Wednesday, December 23, 2009

Expansion and extension of COBRA subsidy

President Obama has enacted legislation that both expands and extends the original federal COBRA subsidy created by the American Recovery and Reinvestment Act of 2009. If you recall, employees who were involuntarily terminated prior to December 31, 2009, received a 65% subsidy of their COBRA premiums for up to nine months. The new legislation:

  • Expands the total allowable time an individual can claim the COBRA subsidy by six months (from nine to 15 months); and

  • Extends the subsidy to individuals who are involuntarily terminated between January 1, 2010, and February 28, 2010.

The legislation also includes two new notification requirements for plan administrators within 60 days:

  • To any individual who was eligible for the COBRA subsidy or who becomes eligible for COBRA at any time on or after October 31, 2009, notice of the expanded benefits.

  • To any individuals who lost their subsidy because they reached the 9-month limit and failed to make timely payments of COBRA premiums thereafter, notice regarding the expanded benefits, including information on the ability to make retroactive premium payments.

Employers will have to amend their current COBRA paperwork to reflect these changes. Dan Schwartz at Connecticut Employment Law lists 5 steps employers should be taking now, in light of these changes:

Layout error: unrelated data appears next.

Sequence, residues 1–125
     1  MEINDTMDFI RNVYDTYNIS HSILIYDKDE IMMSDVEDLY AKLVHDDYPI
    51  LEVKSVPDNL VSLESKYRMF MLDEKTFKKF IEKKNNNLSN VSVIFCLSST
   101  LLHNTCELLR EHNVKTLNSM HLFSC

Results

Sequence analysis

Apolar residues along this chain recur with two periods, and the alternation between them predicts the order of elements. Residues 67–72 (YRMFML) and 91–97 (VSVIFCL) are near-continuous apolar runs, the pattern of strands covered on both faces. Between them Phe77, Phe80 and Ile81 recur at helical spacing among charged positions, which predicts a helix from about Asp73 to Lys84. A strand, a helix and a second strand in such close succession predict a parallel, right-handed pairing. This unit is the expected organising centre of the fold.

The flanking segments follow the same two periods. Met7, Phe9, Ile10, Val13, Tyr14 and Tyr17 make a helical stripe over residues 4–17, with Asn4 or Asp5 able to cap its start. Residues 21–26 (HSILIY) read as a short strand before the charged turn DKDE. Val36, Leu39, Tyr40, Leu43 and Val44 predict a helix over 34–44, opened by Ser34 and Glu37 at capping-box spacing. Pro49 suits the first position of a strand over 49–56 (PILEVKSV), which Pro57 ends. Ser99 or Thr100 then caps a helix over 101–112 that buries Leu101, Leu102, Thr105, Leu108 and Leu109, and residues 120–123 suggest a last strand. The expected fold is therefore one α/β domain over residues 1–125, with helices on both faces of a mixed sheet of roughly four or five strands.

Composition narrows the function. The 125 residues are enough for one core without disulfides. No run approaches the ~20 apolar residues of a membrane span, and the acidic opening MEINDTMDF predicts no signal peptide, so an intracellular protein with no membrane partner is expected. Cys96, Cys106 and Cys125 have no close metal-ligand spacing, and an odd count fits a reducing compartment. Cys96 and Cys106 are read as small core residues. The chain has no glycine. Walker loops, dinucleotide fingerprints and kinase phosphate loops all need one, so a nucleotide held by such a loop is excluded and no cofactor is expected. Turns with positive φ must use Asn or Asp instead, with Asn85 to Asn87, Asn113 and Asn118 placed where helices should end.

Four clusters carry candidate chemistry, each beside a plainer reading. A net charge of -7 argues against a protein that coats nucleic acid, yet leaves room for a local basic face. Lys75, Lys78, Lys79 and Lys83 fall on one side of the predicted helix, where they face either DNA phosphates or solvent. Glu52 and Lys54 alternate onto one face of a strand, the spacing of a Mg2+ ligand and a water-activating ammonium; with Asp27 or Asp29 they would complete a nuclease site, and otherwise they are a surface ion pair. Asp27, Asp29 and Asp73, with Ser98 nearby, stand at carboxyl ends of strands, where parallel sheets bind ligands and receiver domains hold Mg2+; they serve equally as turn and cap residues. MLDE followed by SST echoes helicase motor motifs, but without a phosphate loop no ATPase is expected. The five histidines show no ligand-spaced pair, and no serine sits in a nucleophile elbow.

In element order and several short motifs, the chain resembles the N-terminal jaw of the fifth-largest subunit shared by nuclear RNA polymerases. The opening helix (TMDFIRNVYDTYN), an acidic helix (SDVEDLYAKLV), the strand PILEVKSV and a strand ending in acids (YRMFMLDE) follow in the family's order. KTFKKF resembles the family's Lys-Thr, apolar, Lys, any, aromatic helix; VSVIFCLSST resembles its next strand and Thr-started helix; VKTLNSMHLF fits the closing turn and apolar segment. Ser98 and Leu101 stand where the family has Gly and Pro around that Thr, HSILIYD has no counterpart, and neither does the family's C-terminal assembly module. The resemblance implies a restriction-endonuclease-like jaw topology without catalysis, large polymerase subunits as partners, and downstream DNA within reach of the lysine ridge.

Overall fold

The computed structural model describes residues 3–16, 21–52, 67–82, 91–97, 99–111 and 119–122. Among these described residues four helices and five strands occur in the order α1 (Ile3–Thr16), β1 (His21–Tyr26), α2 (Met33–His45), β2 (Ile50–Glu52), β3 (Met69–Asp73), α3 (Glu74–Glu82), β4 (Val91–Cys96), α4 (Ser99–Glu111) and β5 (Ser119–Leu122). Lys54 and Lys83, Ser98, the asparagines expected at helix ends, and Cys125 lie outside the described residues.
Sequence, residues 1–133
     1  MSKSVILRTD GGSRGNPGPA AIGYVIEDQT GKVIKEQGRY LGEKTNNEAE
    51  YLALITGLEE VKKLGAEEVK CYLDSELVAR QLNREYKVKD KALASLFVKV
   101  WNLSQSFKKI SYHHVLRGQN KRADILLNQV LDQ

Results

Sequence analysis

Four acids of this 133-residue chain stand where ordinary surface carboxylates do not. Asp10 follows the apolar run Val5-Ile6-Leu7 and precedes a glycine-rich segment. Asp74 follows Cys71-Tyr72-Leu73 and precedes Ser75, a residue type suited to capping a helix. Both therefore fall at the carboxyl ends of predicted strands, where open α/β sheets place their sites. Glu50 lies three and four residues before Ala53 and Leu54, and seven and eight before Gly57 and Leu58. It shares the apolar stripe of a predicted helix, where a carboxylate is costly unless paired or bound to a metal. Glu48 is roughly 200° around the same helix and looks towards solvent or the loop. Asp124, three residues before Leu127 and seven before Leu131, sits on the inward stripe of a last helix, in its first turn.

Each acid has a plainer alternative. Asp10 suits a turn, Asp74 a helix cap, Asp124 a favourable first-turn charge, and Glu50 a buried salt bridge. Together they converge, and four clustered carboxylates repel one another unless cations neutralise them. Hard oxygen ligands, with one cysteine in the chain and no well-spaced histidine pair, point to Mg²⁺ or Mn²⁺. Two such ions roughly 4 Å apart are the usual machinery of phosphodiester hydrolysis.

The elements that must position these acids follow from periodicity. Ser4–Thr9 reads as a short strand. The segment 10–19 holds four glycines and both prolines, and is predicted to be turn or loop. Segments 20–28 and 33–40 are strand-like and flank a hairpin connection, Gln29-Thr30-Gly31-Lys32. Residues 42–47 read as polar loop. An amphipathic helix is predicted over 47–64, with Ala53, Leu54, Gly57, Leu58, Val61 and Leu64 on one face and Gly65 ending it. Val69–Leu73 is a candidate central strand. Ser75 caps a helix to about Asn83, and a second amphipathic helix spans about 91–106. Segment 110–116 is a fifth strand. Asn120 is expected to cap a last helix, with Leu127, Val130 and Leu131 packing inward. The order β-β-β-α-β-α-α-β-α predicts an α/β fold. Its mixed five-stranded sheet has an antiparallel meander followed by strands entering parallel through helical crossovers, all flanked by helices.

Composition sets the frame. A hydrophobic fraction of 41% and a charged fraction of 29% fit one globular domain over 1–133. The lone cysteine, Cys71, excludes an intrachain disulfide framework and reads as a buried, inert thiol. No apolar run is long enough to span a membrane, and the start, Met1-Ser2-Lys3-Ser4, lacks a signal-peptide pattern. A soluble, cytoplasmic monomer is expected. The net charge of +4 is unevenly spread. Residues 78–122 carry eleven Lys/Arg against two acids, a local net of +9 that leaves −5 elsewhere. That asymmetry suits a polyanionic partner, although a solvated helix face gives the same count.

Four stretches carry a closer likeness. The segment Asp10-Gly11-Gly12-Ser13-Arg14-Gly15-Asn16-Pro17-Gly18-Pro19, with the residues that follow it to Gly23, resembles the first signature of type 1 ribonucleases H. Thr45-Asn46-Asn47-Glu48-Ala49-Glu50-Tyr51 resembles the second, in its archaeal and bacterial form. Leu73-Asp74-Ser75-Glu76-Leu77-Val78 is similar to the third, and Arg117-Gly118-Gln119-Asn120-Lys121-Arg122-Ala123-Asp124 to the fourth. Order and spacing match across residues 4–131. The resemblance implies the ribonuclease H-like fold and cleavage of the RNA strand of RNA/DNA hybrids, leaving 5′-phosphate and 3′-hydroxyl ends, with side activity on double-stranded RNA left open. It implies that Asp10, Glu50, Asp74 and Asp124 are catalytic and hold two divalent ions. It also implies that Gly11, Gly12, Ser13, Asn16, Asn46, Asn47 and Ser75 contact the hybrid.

1. Compile a list of individuals who are currently receiving the COBRA subsidy. Those individuals are going to need to be informed that the period is going to be extended by 15 months and that to receive the subsidy they will need to continue to pay the premium as they have.

    2. Compile a list of individuals who were receiving the COBRA subsidy but whose nine months of eligibility had expired. For those individuals, they will need to be informed that they can "re-start" COBRA. Sample notices from the DOL should be available for this purpose in the next few days.

    3. Compile a list of individuals are COBRA eligible, but who were not going to receive the COBRA subsidy because the time period was going to expire beforehand. This will typically include those who were terminated within the last month, who were likely continuing on the employer's health plan until December 31, 2009. Those individuals will now need to receive new notices that they will be eligible for the COBRA subsidy; again, the DOL should be preparing sample notices in the next few days.

    4. In the interim, employers may want to send out a letter to all such individuals informing them that changes are on the way and that you will be providing them with updates as they become available. This might keep your HR staff a little less busy answering phone calls and give them some more time to comply with this law.

    5. Going forward for the next 75 days or so, employers will need to inform those who are laid off that they may be eligible for this COBRA subsidy. Again, those terminated by 2/28/10 will be eligible regardless of when the actual COBRA period is scheduled to begin.

Presented by Kohrman Jackson & Krantz, with offices in Cleveland and Columbus. For more information, contact Jon Hyman, a partner in our Labor & Employment group, at (216) 736-7226 or